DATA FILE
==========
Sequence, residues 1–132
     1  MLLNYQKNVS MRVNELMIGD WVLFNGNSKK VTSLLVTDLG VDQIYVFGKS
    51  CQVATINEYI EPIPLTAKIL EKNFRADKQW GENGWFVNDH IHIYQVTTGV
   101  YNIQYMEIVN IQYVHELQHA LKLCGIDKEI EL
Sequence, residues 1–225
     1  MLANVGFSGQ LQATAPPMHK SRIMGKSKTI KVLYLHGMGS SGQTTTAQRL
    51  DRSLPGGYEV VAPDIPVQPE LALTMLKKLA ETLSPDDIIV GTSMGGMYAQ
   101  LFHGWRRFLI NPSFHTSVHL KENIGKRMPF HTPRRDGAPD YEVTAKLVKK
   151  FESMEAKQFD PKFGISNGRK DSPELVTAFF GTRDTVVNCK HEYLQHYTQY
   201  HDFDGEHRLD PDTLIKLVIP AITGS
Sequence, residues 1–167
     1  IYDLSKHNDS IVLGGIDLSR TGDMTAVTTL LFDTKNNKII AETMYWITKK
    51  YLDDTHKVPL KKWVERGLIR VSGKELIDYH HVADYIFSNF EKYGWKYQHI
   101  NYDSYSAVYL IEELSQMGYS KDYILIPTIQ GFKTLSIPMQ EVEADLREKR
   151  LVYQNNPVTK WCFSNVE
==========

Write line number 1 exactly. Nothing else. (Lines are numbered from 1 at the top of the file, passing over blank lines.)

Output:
Sequence, residues 1–132